Case 2. There exists a subsequence of such that for all . By Lemma 2.12, there exists a strictly increasing sequence of positive integers such that the following properties are satisfied by all numbers : So we have This shows that Following the proof line in Case 1, we can show that This implies Hence . Using this and (3.33) together, we conclude that This completes the proof.

As a direct consequence of Theorem 3.2, we obtain the following results.

Corollary 3.3. Let be nonempty closed and convex subset of a uniformly smooth and uniformly convex Banach space . Let be a bifunction from to satisfying (A1)–(A4) and a lower semicontinuous and convex function from to such that . Define the sequence as follows: and where and satisfy the following conditions:(a);(b);(c).Then converges strongly to , where is the generalized projection of onto .

Corollary 3.4. Let be nonempty, closed, and convex subset of a uniformly smooth and uniformly convex Banach space . Let be a bifunction from to satisfying (A1)–(A4), and a continuous and monotone mapping such that . Define the sequence as follows: and where and satisfy the following conditions:(a);(b);(c).Then converges strongly to , where is the generalized projection of onto .

Corollary 3.5. Let be nonempty, closed, and convex subset of a uniformly smooth and uniformly convex Banach space . Let be a continuous and monotone mapping, and a lower semicontinuous and convex function from to such that . Define the sequence as follows: and where and satisfy the following conditions:(a);(b);(c).Then converges strongly to , where is the generalized projection of onto .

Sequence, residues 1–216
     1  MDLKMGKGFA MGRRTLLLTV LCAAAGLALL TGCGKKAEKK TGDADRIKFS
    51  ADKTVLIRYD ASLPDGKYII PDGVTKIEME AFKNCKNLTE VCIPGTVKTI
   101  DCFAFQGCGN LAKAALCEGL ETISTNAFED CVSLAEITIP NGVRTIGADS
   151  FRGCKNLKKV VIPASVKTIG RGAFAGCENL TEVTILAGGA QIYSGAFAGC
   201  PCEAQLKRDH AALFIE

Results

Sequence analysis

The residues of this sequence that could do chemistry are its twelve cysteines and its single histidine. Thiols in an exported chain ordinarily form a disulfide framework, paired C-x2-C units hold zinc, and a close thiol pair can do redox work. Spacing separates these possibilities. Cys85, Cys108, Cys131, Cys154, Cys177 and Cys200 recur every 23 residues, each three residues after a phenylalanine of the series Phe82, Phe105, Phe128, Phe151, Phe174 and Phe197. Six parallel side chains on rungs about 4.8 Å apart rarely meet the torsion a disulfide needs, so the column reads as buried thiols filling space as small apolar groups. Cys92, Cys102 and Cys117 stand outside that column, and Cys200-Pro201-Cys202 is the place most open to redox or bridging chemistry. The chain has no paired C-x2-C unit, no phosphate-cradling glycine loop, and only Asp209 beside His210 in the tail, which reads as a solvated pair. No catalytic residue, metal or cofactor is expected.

#### 4. Examples and Numerical Results

In this section, we give examples and numerical results for our main theorem.

Example 4.1. Let and . Let , , and . Find such that

Solution 4. It is easy to check that , , and satisfy all conditions in Theorem 3.2. For each and , Lemma 2.9 ensures that there exists such that, for any , Put . Then is a quadratic function of with coefficient , , and . We next compute the discriminant of as follows: We know that for all if it has at most one solution in . So and hence . Now we have .
Let be the sequence generated by and and, equivalently,

We next give two numerical results for algorithm (4.5).

Algorithm 4.2. Let and . Choose . Then algorithm (4.5) becomes

Numerical Result I
See Table 1.

Algorithm 4.3. Let and . Choose . Then algorithm (4.5) becomes

Numerical Result II
See Table 2.

#### 5. Conclusion

Tables 1 and 2 show that the sequence converges to 0 which solves the generalized mixed equilibrium problem. On the other hand, using Lemma 2.9(3), we can check that .

Remark 5.1. In the view of computation, our algorithm is simple in order to get strong convergence for generalized mixed equilibrium problems.

#### Acknowledgments

The first and the second authors wish to thank the Thailand Research Fund and the Centre of Excellence in Mathematics, the Commission on Higher Education, Thailand. The third author was supported by Basic Science Research Program through the National Research Foundation of Korea (NRF) funded by the Ministry of Education, Science and Technology (Grant no. 2011-0021821).